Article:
Have you had an awkward sex talk with your daughter?
The one where she scrunches up her face and goes “MOM, PLEASE STOP!”
Or the “eww gross, mommy!”
Or the ‘red face and can’t wait to get out of it staring at the ground’ conversation…
Or maybe she had a million and one questions and YOU were the one feeling a bit awkward about it all? Heck… did anyone have this conversation with you when you were a girl?
Or maybe it wasn’t awkward? BLESS YOU! (Bless any mama who has had any talk — no matter how cringeworthy) with her daughter (or son) about healthy sex and sexuality. You’re a rockstar who is changing the world).
Discomfort or not, we believe that having real, loving talks with teen girls about sex, sexuality, sensuality, their body, pleasure, and consent (among other topics) is essential. Frankly, it’s urgent.
It’s when adults leave the room — so to speak — that teen world goes crazy and Lord of Flies can begin. There’s the girl who gets confused, drawn into sexting vulnerable pictures of herself, and then bullied. There’s the way the first peer your daughter ‘hooks up with’ (yes, they may not be ‘dating’ anymore) likely received their sex education from Internet porn — especially if it’s a boy. And we grown women know how that turns out… These are two examples of a world gone mad. Sex confused.
We bring this up not to scare you, but to invite you to join us, lovingly, in getting real together, and asking:
How can we be part of helping our daughters to know their worth, and, from a place of self-love, to choose pleasure and safety when it comes to sex?
Today, on the blog, we’re talking about dealing with discomfort (yours and yours daughters) when it comes to talking about sex, and why getting real is so essential, the sooner the better. Together, we got this one, mama.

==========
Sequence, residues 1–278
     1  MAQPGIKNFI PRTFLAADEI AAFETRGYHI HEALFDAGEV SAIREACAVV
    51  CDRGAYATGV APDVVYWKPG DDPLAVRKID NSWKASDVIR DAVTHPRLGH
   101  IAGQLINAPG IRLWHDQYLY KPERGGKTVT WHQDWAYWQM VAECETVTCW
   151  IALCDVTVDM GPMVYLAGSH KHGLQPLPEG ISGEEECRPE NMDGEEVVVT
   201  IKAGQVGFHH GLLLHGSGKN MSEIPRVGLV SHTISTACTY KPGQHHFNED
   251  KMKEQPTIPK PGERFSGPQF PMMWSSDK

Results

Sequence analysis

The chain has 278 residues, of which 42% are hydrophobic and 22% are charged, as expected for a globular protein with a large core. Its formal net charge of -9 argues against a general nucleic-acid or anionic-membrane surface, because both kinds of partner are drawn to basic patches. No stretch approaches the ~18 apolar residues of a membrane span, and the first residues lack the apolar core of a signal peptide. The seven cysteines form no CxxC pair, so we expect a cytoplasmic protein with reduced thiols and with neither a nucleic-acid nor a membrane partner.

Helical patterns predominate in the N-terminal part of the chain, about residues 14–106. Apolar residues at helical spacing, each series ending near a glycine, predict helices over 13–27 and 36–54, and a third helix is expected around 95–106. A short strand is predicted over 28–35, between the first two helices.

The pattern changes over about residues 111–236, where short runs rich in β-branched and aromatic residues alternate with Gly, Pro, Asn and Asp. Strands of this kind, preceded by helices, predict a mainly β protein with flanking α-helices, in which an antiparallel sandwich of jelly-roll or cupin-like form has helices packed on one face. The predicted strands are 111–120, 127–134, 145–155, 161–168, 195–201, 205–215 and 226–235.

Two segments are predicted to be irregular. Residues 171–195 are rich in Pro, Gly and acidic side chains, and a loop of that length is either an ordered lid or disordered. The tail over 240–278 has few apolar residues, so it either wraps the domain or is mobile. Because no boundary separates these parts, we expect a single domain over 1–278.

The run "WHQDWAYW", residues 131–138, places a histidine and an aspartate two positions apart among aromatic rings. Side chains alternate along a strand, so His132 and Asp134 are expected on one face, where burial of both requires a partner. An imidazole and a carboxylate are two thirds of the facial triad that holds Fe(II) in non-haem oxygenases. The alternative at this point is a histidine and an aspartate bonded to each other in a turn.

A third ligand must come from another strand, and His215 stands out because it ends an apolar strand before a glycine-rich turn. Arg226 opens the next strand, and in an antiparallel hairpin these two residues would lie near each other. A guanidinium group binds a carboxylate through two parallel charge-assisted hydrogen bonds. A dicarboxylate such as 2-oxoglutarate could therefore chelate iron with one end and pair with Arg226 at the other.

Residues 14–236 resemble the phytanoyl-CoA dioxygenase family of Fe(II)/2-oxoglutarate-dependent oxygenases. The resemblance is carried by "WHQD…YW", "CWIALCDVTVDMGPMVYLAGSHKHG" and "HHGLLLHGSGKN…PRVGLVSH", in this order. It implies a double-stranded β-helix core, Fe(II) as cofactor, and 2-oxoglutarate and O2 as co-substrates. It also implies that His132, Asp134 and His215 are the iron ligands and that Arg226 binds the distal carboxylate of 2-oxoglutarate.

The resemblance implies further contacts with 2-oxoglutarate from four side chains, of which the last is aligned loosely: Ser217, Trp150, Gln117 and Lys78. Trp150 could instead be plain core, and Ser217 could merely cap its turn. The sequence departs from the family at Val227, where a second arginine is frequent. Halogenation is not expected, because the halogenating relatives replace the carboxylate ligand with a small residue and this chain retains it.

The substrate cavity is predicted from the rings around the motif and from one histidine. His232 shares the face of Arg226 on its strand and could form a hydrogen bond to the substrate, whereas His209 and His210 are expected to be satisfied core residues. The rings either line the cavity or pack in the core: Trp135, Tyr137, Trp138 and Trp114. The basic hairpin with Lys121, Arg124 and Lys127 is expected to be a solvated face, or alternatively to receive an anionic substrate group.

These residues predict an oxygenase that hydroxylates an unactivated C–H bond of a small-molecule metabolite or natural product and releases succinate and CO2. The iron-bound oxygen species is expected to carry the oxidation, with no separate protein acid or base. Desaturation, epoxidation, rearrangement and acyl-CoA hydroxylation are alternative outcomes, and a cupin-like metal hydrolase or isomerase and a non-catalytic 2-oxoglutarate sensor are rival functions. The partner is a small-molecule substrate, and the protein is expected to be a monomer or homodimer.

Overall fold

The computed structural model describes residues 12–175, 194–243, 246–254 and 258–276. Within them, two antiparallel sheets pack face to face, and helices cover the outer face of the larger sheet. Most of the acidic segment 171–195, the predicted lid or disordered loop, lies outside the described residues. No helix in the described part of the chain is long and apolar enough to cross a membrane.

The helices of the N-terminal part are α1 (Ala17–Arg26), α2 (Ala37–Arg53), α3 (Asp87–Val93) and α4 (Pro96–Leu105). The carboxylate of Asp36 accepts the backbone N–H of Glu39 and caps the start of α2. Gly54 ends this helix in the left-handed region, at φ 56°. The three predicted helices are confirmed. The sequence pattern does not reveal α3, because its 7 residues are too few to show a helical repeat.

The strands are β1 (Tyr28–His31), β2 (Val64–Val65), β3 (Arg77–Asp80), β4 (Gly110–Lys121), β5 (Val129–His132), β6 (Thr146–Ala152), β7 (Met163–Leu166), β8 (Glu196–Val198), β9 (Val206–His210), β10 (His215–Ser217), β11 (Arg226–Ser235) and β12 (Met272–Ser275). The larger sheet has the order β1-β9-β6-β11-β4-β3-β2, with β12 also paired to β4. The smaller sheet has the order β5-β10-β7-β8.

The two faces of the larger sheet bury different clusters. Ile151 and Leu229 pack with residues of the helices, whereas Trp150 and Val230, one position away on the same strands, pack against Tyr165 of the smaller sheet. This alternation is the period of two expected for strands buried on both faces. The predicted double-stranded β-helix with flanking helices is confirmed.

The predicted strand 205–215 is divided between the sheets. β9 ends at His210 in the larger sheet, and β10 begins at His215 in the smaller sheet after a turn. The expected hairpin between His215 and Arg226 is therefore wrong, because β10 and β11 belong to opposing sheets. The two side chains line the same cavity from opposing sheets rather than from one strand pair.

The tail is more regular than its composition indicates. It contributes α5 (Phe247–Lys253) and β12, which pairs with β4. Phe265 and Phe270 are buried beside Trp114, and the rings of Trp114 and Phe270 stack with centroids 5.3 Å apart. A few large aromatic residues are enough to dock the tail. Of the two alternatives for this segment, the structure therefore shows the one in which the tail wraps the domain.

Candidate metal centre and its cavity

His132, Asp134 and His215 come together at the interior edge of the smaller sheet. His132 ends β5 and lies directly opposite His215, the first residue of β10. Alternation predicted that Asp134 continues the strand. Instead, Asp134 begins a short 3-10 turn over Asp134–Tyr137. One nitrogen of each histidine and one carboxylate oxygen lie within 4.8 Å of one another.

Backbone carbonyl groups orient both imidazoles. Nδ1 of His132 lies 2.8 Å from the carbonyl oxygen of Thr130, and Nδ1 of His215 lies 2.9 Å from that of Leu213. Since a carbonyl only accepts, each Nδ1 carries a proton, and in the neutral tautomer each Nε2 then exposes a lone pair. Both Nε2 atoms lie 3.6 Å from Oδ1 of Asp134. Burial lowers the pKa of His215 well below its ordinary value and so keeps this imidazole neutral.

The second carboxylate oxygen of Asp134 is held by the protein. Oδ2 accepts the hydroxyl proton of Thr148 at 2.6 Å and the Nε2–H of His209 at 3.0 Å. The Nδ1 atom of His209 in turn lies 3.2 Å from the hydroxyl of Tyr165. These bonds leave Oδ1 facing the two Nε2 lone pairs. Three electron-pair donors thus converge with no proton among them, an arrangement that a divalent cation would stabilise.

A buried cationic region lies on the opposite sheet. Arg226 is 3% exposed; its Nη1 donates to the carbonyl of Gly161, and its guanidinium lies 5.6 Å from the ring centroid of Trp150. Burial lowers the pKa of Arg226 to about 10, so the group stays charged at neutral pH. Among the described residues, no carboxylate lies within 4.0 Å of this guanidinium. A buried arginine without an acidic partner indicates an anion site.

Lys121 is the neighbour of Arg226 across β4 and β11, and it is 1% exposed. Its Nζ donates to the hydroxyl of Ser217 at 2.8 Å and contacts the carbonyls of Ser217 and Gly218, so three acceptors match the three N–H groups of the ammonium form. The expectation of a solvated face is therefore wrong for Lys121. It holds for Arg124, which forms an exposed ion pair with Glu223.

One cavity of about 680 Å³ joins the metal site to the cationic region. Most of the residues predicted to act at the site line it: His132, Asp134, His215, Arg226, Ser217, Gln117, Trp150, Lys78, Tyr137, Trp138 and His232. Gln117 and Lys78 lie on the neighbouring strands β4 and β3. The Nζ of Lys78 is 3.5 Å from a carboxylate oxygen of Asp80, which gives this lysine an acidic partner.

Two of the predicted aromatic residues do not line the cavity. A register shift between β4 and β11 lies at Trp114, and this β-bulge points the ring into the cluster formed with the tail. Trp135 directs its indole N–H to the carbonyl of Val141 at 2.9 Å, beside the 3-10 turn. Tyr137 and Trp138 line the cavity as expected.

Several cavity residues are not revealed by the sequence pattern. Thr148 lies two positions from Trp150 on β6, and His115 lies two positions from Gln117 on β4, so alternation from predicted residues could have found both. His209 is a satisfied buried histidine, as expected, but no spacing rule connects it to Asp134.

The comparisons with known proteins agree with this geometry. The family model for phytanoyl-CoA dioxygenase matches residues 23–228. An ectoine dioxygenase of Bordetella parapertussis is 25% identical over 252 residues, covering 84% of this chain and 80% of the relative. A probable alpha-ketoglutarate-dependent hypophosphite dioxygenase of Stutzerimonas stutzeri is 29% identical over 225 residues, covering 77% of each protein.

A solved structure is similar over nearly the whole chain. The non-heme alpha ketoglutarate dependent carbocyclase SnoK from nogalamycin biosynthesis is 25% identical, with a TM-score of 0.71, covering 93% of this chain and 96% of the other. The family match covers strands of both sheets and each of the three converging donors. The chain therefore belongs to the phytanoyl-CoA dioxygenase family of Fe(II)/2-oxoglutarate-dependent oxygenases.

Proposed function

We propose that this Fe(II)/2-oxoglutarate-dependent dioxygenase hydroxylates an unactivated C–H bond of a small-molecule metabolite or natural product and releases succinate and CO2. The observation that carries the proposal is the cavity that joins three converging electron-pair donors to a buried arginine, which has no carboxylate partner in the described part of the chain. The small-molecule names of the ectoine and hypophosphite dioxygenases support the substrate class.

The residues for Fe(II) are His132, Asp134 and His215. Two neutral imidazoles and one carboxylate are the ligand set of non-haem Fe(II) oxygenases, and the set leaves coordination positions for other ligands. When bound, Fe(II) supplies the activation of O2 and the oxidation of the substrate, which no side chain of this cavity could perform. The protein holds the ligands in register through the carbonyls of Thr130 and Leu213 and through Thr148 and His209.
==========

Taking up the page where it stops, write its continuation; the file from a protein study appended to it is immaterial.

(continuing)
Click the video below to watch.
Even if your daughter is younger, or your daughter is older, or you’ve got a beautiful open conversation going around sex and sensuality in your house, come check it out (and then share your wisdom with us — seriously, we want to hear it ALL!).
Once you’ve gotten a chance to check out the video, we want to know:
Are you able to share with your daughter about sex and sexuality? How are you making sure she gets the information she needs?
Leave us a comment below — because it takes a village of sane mamas and aunties to figure out this whole teen sex thing. We want to hear your take. We need each other, mama.
Amazing work you both do. I love to hear your voice and bring you both into my living room (or office as it might be). Mazel tov on your new endeavor.
I am so incredibly touched by this message.
Miss you! So glad we can stay in touch in these ways.
Would love to know any particular books that have been helpful to you?
Sorry it has taken me so long to get back to you…
So here are a few of my favorite books about puberty/periods/changing bodies… not necessarily just about sex. 1. It’s Perfectly Normal:Changing bodies, Growing Up, Sex, and Sexual Health (for ages 10 and up)